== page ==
During the early 1920’s, the newly re-incorporated Los Angeles Railway Corporation began a passenger equipment upgrade program, actively buying new steel bodied cars to displace the antiquated wooden bodied cars inherited from the old Los Angeles Railway Company. This campaign brought the Type H cars, 1201-1450. At the same time, The LARy rebuilt sixteen older cars into the new Type F cars (1151-1166) and also made 60 Type K cars (1501-1560), which were essentially wooden copies of the Type H cars. Looking into the future, another new class of cars would be needed. By 1925, the fashion was growing toward all enclosed cars with a low-floored design riding on small diameter wheels. The LARy engineers worked with the St Louis Car Company to create a prototype experimental car to test on the LARy system.
The result was car Type L car 2501, built by St Louis Car Company in 1924-25 and delivered to the LARy in March of 1925. The external appearance was quite similar to the Type H and K cars with the exception of the cars low stature. Mechanically, the car was rather different: 2501 rode on 26 inch wheels (compared to the standard LARy 30 inch) and featured variable load braking, where the braking power varied depending on how much weight the car was carrying. This feature was short lived and disabled in December of 1926. 2501 was also a new experience for the operator as it was delivered with automatic folding doors and steps, a feature later standardized on the LARy fleet.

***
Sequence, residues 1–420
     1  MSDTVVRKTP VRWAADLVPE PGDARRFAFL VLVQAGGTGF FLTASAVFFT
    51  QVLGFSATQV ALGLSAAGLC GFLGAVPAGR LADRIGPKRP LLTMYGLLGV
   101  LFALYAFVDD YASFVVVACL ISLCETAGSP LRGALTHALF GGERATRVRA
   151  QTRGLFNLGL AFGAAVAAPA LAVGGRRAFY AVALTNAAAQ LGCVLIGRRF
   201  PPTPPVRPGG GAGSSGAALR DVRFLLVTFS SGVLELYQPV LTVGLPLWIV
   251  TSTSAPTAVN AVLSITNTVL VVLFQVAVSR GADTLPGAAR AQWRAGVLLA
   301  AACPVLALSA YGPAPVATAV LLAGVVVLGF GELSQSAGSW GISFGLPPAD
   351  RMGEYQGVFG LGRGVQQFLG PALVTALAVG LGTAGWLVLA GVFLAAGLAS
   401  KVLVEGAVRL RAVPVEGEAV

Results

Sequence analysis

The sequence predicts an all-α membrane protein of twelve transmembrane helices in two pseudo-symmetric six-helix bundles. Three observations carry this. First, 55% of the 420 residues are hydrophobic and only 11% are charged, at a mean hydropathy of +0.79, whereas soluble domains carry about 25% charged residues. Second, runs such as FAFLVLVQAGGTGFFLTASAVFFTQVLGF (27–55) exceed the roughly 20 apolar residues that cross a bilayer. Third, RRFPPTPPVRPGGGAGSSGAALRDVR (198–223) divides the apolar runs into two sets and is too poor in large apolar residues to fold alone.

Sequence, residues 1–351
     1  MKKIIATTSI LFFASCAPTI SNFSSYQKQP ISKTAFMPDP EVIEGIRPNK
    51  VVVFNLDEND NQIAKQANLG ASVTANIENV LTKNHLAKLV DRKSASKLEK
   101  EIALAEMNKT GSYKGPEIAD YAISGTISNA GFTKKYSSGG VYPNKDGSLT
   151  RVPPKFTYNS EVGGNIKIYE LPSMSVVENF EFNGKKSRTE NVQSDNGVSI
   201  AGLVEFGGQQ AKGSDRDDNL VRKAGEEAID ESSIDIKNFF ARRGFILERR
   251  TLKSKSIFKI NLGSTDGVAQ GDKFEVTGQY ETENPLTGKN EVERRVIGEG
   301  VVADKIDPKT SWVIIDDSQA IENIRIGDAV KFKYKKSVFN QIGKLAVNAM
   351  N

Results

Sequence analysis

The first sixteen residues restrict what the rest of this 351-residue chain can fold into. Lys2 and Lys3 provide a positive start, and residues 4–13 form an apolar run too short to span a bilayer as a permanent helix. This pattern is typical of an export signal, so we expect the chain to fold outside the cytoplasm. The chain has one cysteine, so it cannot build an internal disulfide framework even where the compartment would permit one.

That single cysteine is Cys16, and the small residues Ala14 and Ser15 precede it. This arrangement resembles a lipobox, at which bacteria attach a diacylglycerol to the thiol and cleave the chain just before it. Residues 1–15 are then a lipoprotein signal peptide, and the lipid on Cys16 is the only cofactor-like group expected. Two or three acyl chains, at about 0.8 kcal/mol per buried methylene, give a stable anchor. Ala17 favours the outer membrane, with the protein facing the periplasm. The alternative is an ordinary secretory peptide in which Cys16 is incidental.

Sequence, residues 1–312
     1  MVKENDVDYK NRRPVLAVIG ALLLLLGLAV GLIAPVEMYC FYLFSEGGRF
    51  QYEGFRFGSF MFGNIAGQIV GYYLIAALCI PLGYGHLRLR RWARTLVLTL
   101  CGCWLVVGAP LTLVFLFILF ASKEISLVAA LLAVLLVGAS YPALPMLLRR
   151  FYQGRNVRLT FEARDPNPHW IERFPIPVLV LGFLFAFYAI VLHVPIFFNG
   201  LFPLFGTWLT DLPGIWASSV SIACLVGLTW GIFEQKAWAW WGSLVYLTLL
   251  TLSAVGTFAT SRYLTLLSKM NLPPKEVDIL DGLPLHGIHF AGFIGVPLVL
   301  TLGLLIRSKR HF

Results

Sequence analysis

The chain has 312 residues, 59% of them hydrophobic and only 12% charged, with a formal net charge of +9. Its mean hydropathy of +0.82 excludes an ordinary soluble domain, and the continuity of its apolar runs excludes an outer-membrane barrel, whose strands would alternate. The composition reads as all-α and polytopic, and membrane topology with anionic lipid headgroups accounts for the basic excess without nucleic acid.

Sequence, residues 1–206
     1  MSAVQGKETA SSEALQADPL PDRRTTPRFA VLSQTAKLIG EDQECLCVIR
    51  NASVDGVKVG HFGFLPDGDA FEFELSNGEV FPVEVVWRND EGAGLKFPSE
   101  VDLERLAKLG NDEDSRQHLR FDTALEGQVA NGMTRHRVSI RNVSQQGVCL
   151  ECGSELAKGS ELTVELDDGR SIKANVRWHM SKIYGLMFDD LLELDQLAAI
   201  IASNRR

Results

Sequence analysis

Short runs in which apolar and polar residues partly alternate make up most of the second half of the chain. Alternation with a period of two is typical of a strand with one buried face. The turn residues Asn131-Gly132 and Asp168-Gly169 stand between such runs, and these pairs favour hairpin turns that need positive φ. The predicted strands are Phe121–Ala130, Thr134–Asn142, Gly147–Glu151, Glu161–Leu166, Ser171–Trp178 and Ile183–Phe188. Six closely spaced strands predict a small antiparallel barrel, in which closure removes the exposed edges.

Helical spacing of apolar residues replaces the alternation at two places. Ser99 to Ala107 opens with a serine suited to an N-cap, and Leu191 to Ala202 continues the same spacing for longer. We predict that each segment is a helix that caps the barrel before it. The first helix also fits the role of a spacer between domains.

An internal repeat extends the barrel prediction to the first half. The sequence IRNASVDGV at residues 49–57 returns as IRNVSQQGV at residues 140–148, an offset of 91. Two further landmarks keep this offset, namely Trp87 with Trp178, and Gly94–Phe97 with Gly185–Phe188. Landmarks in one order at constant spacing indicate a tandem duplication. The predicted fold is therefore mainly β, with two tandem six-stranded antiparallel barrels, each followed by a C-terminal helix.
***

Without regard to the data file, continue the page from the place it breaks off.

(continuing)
Car 2501 proved successful during testing and initial operation, with the exception of overhang on turns. On the other LARy cars, the trucks were placed as close as possible to the car ends to limit overhang. The trucks on 2501 were relatively closer to the center of the car, causing extreme overhang on the tight curves at street intersections. The solution was to use 2501 on a route with few curves. 2501 saw regular service throughout its career on the 7 Line, from Civic Center in Downtown Los Angeles to South Los Angeles via the rather straight route along South Broadway. While successful, the design of the Type L car was not adopted, leaving 2501 the sole member of its type.
Through the 1930’s and 1940’s, 2501 saw continual service on the 7 Line, including the sale of LARy to Los Angeles Transit Lines in 1945. LATL line abandonments in the 1940’s left many cars surplus, especially oddball cars like 2501. September 10, 1950, 2501 was removed from regular service and placed in storage. From that point the car was only used on occasion for railfan excursions. In 1955, LATL discontinued many of its routes, resulting in a mass retirement and scrapping of cars, including 2501. Most cars were sold National Metals and scrapped at their facility on Terminal Island. The streetcars were stacked in a pile four cars high, with 2501 at the bottom of the pile. Stripped of its mechanical parts and sustaining body damage, 2501 remained for several years at National Metals before being rescued by members of the Orange Empire Trolley Museum, in Perris, California. Today, the body of 2501 is in storage waiting for restoration. Generous donations to the Southern California Railway Museum “Yellow Cars” fund keep the museums yellow cars operating and facilitate future restorations of cars, such as 2501.